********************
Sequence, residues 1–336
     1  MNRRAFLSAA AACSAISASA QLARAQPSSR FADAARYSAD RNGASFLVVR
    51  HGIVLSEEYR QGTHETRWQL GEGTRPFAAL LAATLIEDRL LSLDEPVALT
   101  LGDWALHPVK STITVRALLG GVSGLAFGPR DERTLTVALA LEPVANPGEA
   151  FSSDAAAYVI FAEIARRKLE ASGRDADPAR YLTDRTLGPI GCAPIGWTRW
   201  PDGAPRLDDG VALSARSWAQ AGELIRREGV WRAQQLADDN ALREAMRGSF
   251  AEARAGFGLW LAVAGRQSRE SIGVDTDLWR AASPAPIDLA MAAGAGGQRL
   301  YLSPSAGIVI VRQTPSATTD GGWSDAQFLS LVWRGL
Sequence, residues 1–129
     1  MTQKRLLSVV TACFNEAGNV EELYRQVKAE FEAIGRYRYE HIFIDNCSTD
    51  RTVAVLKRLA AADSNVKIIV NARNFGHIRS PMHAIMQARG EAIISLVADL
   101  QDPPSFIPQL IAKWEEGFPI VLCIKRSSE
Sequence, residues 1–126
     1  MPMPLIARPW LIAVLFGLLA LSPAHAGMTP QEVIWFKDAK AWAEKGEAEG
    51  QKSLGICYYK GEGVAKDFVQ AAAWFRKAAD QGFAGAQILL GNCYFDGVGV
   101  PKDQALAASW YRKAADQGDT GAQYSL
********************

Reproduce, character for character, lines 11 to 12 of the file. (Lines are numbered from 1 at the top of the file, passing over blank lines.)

    51  RTVAVLKRLA AADSNVKIIV NARNFGHIRS PMHAIMQARG EAIISLVADL
   101  QDPPSFIPQL IAKWEEGFPI VLCIKRSSE